At The Cinémathèque by Justine A. Smith

At The Cinémathèque: Godard Finds Pleasure In Estrangement with ‘Passion’

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In Jean-Luc Godard’s 1982 film, Passion, Isabelle Huppert’s stuttering voice is out of sync until she brings a harmonica to her lips. The audience has been let in on the joke — in this cinematic universe, the audio-visual image has lost its veracity and cannot be trusted. Centered on a made-for-television film, Passion blends the far reaches of Western art with the birth of new mediums. By way of its idiosyncratic and playful tone, the film challenges the audience’s belief in the supremacy of realism in the cinema.

Godard doesn’t settle on his laurels for his concepts, and a sometimes out of sync soundtrack could have easily been the extent of his experiment. The complex sound design in the film uses layered voices from various sources as diegetic realities intersect, creating a rich auditory experience. This seems to be a practice run for future explorations that Godard would take up in his more contemporary work, as he continues to toy with even more sounds, voices and music on an ever crowded soundtrack. Beyond just the layers of sound and music, characters are dubbed; they stutter and cough. Godard challenges audio as the binding agent between reality and fiction and exposes the artificiality of all creation.

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Within Passion, the persistent recreation of famous paintings — in both irreverent and painful detail — exposes how the art world diffuses the impact of the artist as a labourer. Too often, we deem a work of art as sourced from divine inspiration, downplaying the work of the artist and shutting off any meaningful engagement. As if to say that, in the contemporary era, any art that aspires towards realism might be even more artificial than poorly synchronized sound, Godard exposes the lies we tell ourselves, little by little, about the way the art world works. In this context, bringing attention to the labor breaks down the hierarchy of the artist as God. Rather than indulging in too much self-congratulation, Godard diffuses any grandstanding with humour and grace, refusing to let his ideas collapse under the weight of overt seriousness. More Frank Tashlin than dense philosophy, Godard’s Passion focuses on pleasure rather than stiff lecturing.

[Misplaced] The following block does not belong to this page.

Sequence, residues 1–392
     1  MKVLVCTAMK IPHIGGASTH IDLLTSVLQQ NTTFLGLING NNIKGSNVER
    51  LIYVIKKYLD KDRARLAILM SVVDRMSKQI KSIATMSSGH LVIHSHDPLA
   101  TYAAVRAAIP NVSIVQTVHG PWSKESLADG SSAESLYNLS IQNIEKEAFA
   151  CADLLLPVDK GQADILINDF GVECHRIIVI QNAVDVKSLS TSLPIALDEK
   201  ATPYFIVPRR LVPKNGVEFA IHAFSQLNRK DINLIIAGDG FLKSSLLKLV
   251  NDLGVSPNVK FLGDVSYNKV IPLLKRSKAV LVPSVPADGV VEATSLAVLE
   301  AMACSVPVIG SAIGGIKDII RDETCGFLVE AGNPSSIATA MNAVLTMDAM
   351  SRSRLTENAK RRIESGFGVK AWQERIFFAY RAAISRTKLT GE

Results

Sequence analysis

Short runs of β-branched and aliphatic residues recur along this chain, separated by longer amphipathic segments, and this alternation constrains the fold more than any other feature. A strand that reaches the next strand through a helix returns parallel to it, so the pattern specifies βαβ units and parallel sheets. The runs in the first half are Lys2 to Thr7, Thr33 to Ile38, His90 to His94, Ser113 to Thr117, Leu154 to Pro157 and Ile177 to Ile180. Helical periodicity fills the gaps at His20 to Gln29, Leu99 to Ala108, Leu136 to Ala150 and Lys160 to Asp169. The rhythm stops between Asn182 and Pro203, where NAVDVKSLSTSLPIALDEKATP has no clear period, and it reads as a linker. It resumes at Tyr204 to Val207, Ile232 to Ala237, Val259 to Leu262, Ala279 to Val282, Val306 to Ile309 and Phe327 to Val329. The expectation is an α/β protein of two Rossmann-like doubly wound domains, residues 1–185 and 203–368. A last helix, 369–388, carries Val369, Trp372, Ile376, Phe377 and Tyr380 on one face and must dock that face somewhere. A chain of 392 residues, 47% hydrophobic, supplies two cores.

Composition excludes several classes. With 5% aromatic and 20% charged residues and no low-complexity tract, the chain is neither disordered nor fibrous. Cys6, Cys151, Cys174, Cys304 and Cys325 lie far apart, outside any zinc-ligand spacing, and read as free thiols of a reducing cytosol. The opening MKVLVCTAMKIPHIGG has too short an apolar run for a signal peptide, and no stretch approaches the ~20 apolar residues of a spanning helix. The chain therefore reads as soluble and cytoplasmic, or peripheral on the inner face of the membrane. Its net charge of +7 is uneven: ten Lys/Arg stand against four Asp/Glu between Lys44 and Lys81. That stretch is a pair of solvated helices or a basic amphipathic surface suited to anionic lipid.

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The film plays with the idea of some important tenants in the philosophy of cinema, such as a moment when Huppert breaks the fourth wall. Cast behind her, a glowing light acts as a halo, deeming her cinema’s newest goddess. Huppert evokes Marlene Dietrich and Renée Jeanne Falconetti, as she stares into the audience and preens. Does the camera work as a mirror or a window? In this case, it serves as both, suggesting a fixed narrative of theory limits rather than expanding how we think about film. Throughout Passion, Godard seems to approach the medium as if it were just discovered, as he tries to undo the assumptions about the essence of cinema while losing himself to happy accidents and obsessions. Although the film dredges at points, the overall experience has an air of celebration as Godard pulls together both theory and poetry, showcasing that pleasure and estrangement are not antithetical.

Justine Smith (@redroomrantings) lives and writes in Montreal, Quebec. She has a bachelor’s degree in Film Studies and a passionate hunger for all kinds of cinema. Along with writing for Vague Visages, she has written for Vice Canada, Cleo: A Feminist Journal and Little White Lies Magazine.

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